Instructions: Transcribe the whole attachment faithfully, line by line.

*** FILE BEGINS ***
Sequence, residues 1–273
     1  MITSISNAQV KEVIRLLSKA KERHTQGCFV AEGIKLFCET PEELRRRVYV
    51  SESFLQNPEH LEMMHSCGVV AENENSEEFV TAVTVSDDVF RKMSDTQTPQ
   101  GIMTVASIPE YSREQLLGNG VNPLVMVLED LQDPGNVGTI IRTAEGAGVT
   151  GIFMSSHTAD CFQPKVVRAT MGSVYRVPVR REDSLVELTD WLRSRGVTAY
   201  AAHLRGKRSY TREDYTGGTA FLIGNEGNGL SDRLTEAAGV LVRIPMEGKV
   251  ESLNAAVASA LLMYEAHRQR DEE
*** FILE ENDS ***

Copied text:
Sequence, residues 1–273
     1  MITSISNAQV KEVIRLLSKA KERHTQGCFV AEGIKLFCET PEELRRRVYV
    51  SESFLQNPEH LEMMHSCGVV AENENSEEFV TAVTVSDDVF RKMSDTQTPQ
   101  GIMTVASIPE YSREQLLGNG VNPLVMVLED LQDPGNVGTI IRTAEGAGVT
   151  GIFMSSHTAD CFQPKVVRAT MGSVYRVPVR REDSLVELTD WLRSRGVTAY
   201  AAHLRGKRSY TREDYTGGTA FLIGNEGNGL SDRLTEAAGV LVRIPMEGKV
   251  ESLNAAVASA LLMYEAHRQR DEE